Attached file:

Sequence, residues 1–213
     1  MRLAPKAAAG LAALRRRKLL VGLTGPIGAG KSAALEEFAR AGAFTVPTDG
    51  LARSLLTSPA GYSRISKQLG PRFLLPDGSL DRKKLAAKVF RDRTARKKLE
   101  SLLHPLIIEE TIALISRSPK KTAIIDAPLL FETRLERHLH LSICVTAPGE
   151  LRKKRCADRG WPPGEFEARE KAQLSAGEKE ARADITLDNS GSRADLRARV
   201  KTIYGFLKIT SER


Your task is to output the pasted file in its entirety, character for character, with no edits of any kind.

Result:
Sequence, residues 1–213
     1  MRLAPKAAAG LAALRRRKLL VGLTGPIGAG KSAALEEFAR AGAFTVPTDG
    51  LARSLLTSPA GYSRISKQLG PRFLLPDGSL DRKKLAAKVF RDRTARKKLE
   101  SLLHPLIIEE TIALISRSPK KTAIIDAPLL FETRLERHLH LSICVTAPGE
   151  LRKKRCADRG WPPGEFEARE KAQLSAGEKE ARADITLDNS GSRADLRARV
   201  KTIYGFLKIT SER